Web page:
Samsung unveils first DDR3 memory chip

To meet demands for better PC memory in the future, Samsung has developed a prototype chip that can work four times faster than those used in today's PCs.

Samsung Electronics has produced a prototype memory chip the runs about four times as fast as those used in most current PCs, the South Korean company said Thursday. It should lead to better performance in future notebooks, desktops and servers, the company said.

The memory, called DDR3 (double data rate 3) DRAM (dynamic random access memory), can process data at up to 1.06G bps (gigabits per second) and has a capacity of 512M bits (megabits). Samsung will begin mass producing chips with speeds of 800M bps (megabits per second) to 1.06G bps in early 2006, said Park Sung Hae, a company spokeswoman.

DRAM is the main memory type used in PCs and servers. The faster the memory, the more smoothly the computers tend to work.

The main type of DRAM found in most PCs today is DDR SDRAM (synchronous DRAM), which processes data at between 266M bps and 400M bps, depending on the parts. DDR is widely used in PCs from such vendors as Gateway and Hewlett-Packard.

A faster type of DDR called DDR2, which has speeds of 400M bps to 667M bps, entered the market late last year and is gaining popularity this year, especially among notebook PC vendors, said Kim Soo-Kyoum, program director for semiconductor research at market research company IDC.

DDR2 will probably take over as the main memory for most types of PC in 2006, he said. DDR3 is the successor to DDR2.

Because DDR3 processes information faster than its predecessors, it uses less power to do the same amount of work. This means it saves more battery power, making it especially beneficial for notebooks, Kim said. "Power-saving is the key to prolonged battery life, and faster memory uses less power," he said.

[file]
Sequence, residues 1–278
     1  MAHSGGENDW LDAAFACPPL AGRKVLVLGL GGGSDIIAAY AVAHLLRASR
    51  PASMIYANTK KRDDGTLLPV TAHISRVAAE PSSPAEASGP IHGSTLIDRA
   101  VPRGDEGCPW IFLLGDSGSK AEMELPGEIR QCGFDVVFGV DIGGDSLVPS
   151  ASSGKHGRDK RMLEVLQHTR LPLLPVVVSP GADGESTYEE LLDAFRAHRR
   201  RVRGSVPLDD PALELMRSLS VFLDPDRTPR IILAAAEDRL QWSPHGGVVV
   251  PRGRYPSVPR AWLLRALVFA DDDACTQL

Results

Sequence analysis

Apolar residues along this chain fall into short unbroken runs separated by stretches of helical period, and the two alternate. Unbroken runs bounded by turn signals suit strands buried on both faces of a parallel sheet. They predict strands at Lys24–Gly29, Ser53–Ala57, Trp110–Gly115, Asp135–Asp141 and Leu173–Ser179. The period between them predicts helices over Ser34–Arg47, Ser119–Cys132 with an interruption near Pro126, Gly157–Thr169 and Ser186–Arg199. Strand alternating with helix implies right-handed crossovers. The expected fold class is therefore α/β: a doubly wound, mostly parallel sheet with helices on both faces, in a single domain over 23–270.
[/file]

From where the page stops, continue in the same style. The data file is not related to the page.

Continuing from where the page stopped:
The chips also operate at a lower voltage. Samsung's DDR3 uses 1.5 volts, compared to 1.8 volts for DDR2. The lower voltage adds to the power saving, further improving battery life, he said.

Samsung was the world's biggest supplier of memory chips in 2004, with DRAM revenue of about US$7.5 billion, giving it 29 percent of the market, according to U.S. market research company iSuppli.

Another big memory maker, Germany's Infineon Technologies, is also developing DDR3 chips, but has yet to announce a prototype, said Karin Braeckle, a company spokeswoman.

Micron Technology, the only big U.S. DRAM maker, is also developing DDR2 and DDR3 chips, according to U.S. regulatory filings.

A mass market for DDR3 is expected to develop in 2007, and research company IDC has predicted that in 2009 it will be the most common memory type in use, with more than two thirds of the market, Kim said.

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Paul Kallender

IDG News Service
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